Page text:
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63. Memorandum From the President's Assistant for National Security Affairs (Kissinger) to President Nixon 1

SUBJECT

  • History of Vietnam Negotiations

We have now completed a history of the Vietnam negotiations leading to the bombing halt (attached at Tab A).2 We have also completed a special study on U.S.-Soviet negotiations relating to the bombing halt (attached at Tab B). We have underway a history of U.S.-North Vietnamese negotiations after November 1, 1968. These studies are not really what you are after since motives do not show up. However, this is the best we can do after an exhaustive review of all of the documents available.

Another possible study would deal with the internal U.S. Government consideration of the bombing halt decision. Such an internal history raises serious problems since it would probably require interviewing the key personalities involved and reopening the serious differences within the bureaucracy on the bombing halt decision. There is also a good chance that one or more of the personalities involved would leak to the press that your Administration was conducting this study.

[Page 208]

Recommendation

That we not undertake an internal history of U.S. Government views.3

  1. Source: National Archives, Nixon Presidential Materials, NSC Files, Box 98, Vietnam Subject Files, Vietnam/U.S. Bombing Halt Understanding. Secret. Sent for action. A stamped note indicates the President saw the memorandum. Sneider sent this history to Kissinger on April 10, with two covering memoranda. In the first Sneider states: “Dean Moor has done an exhaustive history of the Vietnam negotiations leading to the bombing halt.… You requested an internal history of U.S. dealings after November 1, 1968.… I think you ought to seriously reconsider the request for the internal history.… It would raise immediate questions within the bureaucracy, which would get quickly to the press that the Administration is preparing a critical attack on LBJ's Vietnam policies. My judgment is that we have enough problems without this additional one.” Kissinger indicated his desire for this internal history of U.S. and NVN dealings after November 1, 1968, by signing his initials next to the “approve” option. In the second covering memorandum, Sneider informed Kissinger that the attached draft narrative history covered “the bilateral talks between Washington and Hanoi, the US discussions with the GVN on the bombing halt, and the US discussions with the Soviet Union.… The draft makes use of all material presently available to the National Security Council staff.” (Ibid.)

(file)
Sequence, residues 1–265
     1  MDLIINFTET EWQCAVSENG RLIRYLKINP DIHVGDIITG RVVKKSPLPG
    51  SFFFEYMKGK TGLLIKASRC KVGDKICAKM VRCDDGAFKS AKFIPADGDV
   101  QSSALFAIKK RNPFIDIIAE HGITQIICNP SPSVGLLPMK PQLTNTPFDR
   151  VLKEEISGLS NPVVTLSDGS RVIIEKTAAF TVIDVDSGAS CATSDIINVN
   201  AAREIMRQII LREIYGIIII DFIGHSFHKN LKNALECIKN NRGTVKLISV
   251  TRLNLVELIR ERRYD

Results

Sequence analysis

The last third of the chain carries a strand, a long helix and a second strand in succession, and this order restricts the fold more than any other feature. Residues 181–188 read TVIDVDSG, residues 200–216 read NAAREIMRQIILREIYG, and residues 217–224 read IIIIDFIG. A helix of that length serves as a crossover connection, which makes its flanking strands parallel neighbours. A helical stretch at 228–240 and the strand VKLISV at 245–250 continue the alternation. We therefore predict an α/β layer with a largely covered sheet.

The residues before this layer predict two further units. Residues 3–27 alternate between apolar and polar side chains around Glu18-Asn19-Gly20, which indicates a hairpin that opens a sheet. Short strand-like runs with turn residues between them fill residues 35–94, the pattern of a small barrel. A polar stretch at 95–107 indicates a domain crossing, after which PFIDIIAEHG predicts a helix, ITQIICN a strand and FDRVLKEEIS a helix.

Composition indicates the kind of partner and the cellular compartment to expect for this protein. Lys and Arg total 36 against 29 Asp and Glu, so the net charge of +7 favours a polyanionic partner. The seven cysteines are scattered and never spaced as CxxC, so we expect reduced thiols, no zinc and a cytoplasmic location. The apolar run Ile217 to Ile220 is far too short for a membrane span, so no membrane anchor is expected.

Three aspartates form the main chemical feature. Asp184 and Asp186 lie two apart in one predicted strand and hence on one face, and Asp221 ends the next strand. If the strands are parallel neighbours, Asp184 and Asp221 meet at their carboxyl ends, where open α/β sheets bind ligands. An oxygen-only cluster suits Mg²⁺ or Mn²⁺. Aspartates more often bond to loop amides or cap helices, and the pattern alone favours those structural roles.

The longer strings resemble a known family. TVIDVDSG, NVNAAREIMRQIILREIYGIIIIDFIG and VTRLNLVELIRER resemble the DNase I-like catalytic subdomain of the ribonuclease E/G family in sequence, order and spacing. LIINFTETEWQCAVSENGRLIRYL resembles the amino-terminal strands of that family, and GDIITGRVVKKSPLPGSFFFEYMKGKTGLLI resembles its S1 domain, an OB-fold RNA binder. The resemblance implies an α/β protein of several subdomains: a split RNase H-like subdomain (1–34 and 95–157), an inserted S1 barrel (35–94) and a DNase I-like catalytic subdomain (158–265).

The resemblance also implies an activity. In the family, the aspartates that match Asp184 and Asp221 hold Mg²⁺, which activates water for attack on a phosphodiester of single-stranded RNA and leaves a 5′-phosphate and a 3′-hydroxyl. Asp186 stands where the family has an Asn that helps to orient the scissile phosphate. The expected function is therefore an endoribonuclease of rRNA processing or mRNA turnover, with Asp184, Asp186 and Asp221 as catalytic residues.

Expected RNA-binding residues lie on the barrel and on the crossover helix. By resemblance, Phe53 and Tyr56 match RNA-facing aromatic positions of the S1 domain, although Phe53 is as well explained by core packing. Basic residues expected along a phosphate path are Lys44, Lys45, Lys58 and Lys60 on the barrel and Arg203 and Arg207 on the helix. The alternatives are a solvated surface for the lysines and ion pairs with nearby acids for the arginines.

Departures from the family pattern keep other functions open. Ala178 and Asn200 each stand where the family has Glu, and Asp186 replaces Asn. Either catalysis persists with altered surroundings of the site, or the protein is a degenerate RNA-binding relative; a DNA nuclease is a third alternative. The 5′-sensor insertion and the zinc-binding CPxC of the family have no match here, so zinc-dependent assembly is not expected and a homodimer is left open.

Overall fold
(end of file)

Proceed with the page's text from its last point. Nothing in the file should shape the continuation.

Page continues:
2. Tabs A and B are attached but not printed.
  3. Nixon initialed the approve option and wrote: “But I want all we trust who have recollections—(Wheeler, Goodpaster, Kissinger, etc.) to give me a memo (e.g., the anatomy of Clifford's turn around would be interesting—Frank Lenida's plus Wheeler's memos.) Also, Haldeman and Harlane should provide a memo of all we heard during campaign about bombing halt plans.” Butterfield added the following note: “Henry: I have taken action on this request. Alex.”